A tornado flattened the Johnson family home, but not their spirit
The story of how a twister led a family to Habitat
By Heather Fitz
Michael and Kara Johnson were terrified as they shielded their three young children in the bathtub of their rented trailer just after 1 a.m. on the morning of April 28, 2011.
A tornado was tearing through their town of Glade Springs, Va., and the bunk beds where their kids had slept just minutes earlier were later found underneath a neighbor’s car. Once their world stopped violently shaking, the Johnson family picked their way through the debris they once called home.
Although incredibly thankful to be alive, life after the tornado presented many challenges for the Johnson family.
“It was hard,” said Kara Johnson. “We’d lived in that trailer for ten years and paid $400 a month. The rent never increased. After the tornado, we realized we couldn’t find a place to rent anywhere for that little. We ended up in an apartment paying $725 a month. We felt stuck and worried we’d never be able to get out of it.”
Soon after the tornado, Washington County Habitat for Humanity called a board meeting about the town’s recovery.
“We’d heard about Mike and Kara and knew they were a family that had the need and commitment to be a Habitat partner family,” said David Winship, board chair of Washington County Habitat for Humanity. The affiliate invited the Johnsons to fill out paperwork. Several months later, Michael and Kara Johnson learned they were going to be homeowners.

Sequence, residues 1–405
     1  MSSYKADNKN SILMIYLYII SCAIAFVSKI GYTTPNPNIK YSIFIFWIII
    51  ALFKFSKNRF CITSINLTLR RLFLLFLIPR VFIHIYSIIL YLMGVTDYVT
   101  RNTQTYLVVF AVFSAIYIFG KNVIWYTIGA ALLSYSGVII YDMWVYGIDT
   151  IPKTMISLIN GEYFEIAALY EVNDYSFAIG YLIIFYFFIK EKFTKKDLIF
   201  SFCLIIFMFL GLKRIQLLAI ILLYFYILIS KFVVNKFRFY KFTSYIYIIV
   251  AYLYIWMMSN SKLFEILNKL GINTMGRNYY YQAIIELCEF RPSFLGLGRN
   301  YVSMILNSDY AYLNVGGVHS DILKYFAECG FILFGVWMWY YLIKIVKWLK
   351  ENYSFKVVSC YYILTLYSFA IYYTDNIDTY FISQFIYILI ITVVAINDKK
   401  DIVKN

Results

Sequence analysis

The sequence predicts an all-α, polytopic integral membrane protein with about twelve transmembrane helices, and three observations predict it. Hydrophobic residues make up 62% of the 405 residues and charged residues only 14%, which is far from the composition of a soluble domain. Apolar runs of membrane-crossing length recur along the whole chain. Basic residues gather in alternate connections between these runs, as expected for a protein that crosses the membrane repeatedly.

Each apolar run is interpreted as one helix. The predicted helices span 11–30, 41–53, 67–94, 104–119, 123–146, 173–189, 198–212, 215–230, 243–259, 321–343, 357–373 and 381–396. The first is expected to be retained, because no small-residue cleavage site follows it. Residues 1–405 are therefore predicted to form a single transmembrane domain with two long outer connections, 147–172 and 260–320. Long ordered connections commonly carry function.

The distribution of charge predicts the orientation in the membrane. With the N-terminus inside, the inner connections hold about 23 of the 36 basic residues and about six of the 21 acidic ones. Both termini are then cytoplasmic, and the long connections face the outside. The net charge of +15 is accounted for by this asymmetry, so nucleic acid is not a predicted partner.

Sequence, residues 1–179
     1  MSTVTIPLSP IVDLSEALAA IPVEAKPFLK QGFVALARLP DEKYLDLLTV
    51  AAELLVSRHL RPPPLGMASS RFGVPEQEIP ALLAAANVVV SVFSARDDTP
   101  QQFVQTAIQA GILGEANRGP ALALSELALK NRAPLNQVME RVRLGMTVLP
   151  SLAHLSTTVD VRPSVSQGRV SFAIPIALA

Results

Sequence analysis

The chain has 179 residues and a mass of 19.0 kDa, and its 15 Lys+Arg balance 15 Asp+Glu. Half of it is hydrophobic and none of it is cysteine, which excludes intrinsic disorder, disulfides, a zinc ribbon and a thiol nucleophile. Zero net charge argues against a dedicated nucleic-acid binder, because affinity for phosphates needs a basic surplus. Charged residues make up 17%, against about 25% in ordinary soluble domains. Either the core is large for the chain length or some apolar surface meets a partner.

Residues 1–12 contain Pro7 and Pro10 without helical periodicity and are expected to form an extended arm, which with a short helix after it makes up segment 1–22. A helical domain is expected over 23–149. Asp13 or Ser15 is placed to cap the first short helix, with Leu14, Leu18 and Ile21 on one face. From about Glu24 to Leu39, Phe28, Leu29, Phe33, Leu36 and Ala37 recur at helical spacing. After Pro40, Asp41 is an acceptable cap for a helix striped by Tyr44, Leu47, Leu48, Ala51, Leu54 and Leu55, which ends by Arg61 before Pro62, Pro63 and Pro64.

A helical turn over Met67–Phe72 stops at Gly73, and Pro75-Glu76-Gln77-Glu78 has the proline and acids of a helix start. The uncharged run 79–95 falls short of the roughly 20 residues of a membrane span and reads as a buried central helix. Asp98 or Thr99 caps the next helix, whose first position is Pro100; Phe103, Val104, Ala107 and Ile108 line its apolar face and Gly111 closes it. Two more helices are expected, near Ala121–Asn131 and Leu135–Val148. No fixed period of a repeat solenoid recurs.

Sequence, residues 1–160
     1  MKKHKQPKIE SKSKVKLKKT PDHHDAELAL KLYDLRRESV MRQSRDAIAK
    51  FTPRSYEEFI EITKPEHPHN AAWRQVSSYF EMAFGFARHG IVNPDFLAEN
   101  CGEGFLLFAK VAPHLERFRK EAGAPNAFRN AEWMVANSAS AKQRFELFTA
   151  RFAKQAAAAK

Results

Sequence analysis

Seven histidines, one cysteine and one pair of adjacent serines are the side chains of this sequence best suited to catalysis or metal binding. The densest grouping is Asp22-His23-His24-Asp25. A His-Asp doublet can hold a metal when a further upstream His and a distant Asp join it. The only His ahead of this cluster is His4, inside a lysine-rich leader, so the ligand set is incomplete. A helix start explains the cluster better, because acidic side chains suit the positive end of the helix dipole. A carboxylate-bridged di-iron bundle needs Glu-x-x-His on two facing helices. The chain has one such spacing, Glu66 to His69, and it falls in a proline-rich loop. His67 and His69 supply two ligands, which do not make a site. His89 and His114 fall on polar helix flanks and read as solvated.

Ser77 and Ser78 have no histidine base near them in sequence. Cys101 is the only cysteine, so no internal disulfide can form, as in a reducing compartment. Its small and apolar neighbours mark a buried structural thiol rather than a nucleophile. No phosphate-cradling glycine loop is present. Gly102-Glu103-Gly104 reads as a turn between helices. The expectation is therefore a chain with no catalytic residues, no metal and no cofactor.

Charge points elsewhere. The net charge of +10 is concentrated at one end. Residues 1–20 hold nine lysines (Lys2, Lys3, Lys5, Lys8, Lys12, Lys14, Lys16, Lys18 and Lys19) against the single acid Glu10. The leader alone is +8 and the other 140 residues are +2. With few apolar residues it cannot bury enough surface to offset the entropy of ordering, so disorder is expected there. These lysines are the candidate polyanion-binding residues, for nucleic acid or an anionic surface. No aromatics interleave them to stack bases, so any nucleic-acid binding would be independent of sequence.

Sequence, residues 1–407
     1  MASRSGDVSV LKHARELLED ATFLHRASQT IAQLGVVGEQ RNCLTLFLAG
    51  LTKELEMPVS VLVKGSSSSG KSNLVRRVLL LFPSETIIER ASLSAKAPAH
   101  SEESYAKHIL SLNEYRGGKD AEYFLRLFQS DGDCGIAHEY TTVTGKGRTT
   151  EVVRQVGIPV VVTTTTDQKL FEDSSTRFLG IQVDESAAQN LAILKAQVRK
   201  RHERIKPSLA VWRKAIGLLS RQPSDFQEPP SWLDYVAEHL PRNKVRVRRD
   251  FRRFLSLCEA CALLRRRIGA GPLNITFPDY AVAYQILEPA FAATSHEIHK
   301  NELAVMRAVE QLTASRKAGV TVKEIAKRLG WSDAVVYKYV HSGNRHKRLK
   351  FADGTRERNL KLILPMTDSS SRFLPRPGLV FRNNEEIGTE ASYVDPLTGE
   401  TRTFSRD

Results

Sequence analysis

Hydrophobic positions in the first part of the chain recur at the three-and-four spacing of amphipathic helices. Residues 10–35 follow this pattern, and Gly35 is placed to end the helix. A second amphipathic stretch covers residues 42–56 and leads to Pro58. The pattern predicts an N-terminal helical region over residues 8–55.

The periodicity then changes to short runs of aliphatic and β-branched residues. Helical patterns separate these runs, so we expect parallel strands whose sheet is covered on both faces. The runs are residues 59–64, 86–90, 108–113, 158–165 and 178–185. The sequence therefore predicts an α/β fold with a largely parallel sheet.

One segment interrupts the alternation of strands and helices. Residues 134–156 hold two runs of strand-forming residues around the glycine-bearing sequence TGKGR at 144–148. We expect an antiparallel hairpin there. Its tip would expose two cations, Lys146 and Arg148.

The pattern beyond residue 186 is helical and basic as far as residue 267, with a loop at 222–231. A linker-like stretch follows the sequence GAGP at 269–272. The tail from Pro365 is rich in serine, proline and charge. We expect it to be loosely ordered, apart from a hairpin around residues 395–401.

“The Johnson family embodies Habitat and our mission,” David continued. “We were happy to step in and partner with them. That's Habitat, it's what we do. We step forward and help build houses."
On Sunday, Feb. 12, 2012, ten months after the devastating tornado ripped through Glade Springs, the sun shone brightly and some 50 plus people showed up for the Johnson’s house dedication.
“We are just in awe and can’t believe we’re finally here,” said Kara. “Our new house is a green house which means it is energy-efficient. It also has a crawl space and basement which makes us feel a bit safer given what we’ve been through. We had so many people help us get to this point and we are grateful for each person and organization.”
“We’ve been through a lot this past year,” added Kara. “This experience has really helped us teach our kids a lesson, too. We tell them that we didn’t get this house because of the tornado. The tornado made us available for the house, but we are homeowners now because of our hard work and perseverance. If you do the right thing and work hard, nothing is out of your reach.”
Ten months ago, the Johnsons felt terror. Asked how they feel now, Kara said, “Habitat for Humanity has made our life better. We aren't scared to death anymore. We have a safe home, can pay our bills and we aren’t stuck. We feel relief.”
Tornadoes and flooding in the central U.S.